What Happens If Alberta Returns to the Flat Tax System?
An overall tax advantage had long been an essential attraction of Alberta for individuals and businesses. However, this tax advantage was substantially eroded when the newly elected NDP government replaced the single-rate personal income tax (PIT)—also known as the “flat tax”—system with a progressive one in 2015. As part of this tax reform, the province’s income tax rate on high-income earners rose from 10 percent to 15 percent. Recognizing the potentially harmful economic effects of the tax increase, many commentators and analysts expressed their concern that the tax reform eroded Alberta’s tax advantage and they called for a return to the previous flat tax system. However, the revenue effects and budgetary implications for the provincial government of returning to a 10 percent flat rate have not been thoroughly investigated before.
This paper examines the revenue effects of Alberta’s possible return to the previous single-rate PIT system that was in effect before 2015. The impact of tax rate cuts on tax revenue depends on the magnitude of the tax rate change and taxpayers’ behavioural responses to the rate reductions. Many theoretical and empirical studies show that income tax rate cuts have positive incentive effects on individuals and businesses in an economy. The positive economic impact associated with a lower PIT rate includes increased entrepreneurial activities, more skilled workers migrating to or remaining in Alberta, the development over time of a stronger base of corporate head offices in the province, and others. One way of measuring taxpayers’ behavioural responses to tax rate changes is by estimating the taxable income semi-elasticity—the percentage change in taxable income associated with a one percentage point change in the tax rate. This study uses time-series data from 1974 to 2019 to estimate the total personal taxable income semi-elasticity with respect to Alberta’s top marginal PIT rate. The paper finds a taxable income semi-elasticity of about -0.64. This indicates that a one percentage point reduction in the statutory marginal top PIT rate is associated with an increase in Alberta’s total personal taxable income of 0.64 percent. This estimate also corresponds to a taxable income elasticity with respect to the net-of-tax rate of about 0.55, and the result is robust to different sensitivity checks.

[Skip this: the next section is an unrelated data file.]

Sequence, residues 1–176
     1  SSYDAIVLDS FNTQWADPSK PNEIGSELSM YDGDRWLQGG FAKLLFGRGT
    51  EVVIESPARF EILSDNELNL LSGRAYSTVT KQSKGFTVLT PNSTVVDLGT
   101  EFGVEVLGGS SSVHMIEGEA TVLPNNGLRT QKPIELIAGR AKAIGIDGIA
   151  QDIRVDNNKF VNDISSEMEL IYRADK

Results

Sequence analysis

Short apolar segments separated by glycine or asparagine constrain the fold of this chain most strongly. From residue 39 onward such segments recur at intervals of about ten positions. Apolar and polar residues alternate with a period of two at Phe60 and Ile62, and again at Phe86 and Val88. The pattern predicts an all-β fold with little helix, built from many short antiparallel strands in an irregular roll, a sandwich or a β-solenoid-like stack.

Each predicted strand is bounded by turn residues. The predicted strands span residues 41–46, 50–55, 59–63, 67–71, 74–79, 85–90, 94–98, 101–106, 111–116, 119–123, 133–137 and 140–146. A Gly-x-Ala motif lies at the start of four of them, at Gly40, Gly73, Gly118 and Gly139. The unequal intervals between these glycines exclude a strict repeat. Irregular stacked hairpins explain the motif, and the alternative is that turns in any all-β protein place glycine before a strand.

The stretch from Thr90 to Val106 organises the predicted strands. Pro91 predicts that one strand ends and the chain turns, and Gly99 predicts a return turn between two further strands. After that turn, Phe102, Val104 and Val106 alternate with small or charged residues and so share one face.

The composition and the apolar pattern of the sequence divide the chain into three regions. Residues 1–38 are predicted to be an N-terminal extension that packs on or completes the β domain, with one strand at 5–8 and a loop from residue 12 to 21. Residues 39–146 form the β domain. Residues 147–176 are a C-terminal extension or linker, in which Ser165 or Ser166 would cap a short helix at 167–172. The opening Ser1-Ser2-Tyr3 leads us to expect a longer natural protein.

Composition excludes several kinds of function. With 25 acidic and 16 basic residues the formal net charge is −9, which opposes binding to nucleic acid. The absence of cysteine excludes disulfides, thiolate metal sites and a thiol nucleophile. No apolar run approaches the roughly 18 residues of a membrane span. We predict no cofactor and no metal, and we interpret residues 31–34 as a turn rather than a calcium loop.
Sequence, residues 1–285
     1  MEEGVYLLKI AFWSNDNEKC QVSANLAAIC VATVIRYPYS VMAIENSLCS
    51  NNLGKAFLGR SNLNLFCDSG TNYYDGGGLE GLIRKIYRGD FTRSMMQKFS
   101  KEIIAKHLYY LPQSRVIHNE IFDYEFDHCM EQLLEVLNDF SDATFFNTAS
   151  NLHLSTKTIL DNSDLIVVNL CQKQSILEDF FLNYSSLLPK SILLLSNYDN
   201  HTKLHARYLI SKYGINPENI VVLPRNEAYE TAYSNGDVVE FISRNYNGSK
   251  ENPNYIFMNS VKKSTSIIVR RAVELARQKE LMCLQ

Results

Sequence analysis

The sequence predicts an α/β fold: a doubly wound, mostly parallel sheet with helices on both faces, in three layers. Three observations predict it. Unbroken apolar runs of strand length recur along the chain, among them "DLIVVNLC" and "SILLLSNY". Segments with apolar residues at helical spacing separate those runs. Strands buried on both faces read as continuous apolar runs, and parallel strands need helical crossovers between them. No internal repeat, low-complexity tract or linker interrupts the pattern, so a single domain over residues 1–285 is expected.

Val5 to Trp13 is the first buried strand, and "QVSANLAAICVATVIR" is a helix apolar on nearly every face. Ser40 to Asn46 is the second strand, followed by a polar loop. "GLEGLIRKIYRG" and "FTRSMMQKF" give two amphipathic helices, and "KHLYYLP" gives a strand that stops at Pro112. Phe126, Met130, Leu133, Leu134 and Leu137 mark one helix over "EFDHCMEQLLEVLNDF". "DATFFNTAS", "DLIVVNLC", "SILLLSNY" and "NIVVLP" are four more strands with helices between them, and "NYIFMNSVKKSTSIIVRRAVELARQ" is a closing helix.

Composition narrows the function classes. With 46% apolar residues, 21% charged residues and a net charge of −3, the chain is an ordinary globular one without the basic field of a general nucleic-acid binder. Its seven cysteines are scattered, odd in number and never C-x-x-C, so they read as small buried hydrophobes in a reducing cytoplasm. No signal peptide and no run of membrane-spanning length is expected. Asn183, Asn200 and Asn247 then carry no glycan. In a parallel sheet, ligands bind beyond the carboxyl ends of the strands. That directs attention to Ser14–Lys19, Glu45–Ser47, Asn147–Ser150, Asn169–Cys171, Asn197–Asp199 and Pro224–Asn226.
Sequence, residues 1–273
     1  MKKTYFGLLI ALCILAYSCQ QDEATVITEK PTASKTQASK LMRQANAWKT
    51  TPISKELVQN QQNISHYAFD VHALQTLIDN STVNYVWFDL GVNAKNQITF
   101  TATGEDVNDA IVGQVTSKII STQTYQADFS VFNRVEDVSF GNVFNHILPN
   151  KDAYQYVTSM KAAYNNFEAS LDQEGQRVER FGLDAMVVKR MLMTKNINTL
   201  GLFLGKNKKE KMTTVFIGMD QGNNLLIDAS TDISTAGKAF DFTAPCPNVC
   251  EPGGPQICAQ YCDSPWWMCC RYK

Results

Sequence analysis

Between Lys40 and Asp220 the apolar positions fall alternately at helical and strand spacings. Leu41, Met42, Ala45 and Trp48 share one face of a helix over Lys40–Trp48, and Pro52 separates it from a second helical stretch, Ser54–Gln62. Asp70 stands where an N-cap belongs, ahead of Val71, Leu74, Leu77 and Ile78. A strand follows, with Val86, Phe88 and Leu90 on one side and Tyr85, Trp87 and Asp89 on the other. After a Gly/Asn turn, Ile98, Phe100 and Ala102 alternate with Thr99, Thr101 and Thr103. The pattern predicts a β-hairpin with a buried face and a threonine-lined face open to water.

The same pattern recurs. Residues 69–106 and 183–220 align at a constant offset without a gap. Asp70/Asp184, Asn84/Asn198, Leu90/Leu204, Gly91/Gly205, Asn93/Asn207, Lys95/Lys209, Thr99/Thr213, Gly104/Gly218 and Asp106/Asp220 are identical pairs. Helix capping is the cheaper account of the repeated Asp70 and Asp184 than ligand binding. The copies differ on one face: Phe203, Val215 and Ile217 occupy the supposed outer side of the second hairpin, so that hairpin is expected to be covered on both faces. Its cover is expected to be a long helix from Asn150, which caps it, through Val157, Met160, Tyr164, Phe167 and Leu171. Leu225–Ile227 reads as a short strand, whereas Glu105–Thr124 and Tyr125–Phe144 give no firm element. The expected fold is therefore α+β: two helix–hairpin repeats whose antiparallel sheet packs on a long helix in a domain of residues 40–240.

This study then conducts a simulation analysis of the dynamic revenue effects of Alberta’s possible return to the flat tax system using the key taxable income semi-elasticity estimate. The revenue estimation assumes a gradual four-year tax reform that replaces the province’s current progressive income tax system with a single rate tax of 10 percent. More specifically, the analysis considers a gradual elimination of the province’s current top four personal income tax brackets. For high-income earners, such a tax reform reduces the statutory marginal top PIT rate from 15 percent to 10 percent. This paper’s analysis suggests that this five-percentage-point cut in the PIT rate would cause the provincial government to collect about $16 million less in PIT revenue in the first year. Further, at the end of the fourth year of the tax reform, the provincial government’s revenue loss would be about $1.36 billion. To put this in perspective, the PIT revenue decreases by about 9 percent compared to the baseline scenario of no tax reform. However, when one considers the many positive economic benefits that the tax rate cut can bring, this revenue loss is relatively modest.
Nevertheless, some analysts may still be concerned that such a significant tax policy reform is not feasible or appropriate given the province’s budgetary pressures that have been worsened by the Covid-19 pandemic and the decline in its non-renewable resource revenue. To address these concerns, the provincial government could undertake a smaller-scale tax reform that eliminates only the current top income tax bracket. Such minor tax reform would reduce the top PIT rate in Alberta from 15 percent to 14 percent, which would make Alberta the jurisdiction with the lowest PIT rate of any province. Even this small tax change would help strengthen the Alberta tax advantage. This paper’s analysis suggests that the provincial government’s revenue loss from eliminating the top income tax bracket would be $16 million in the first year. The loss rises slightly over time and reaches roughly $20 million after five years. This is roughly equivalent to a reduction of the province’s PIT revenue only by 0.13 percent compared to the baseline scenario of no tax reform.
Thus, this paper’s empirical analysis suggests that reducing the personal income tax rate will have a significant impact on strengthening Alberta tax advantage, which will also encourage more economic activities in the province with relatively marginal revenue loss.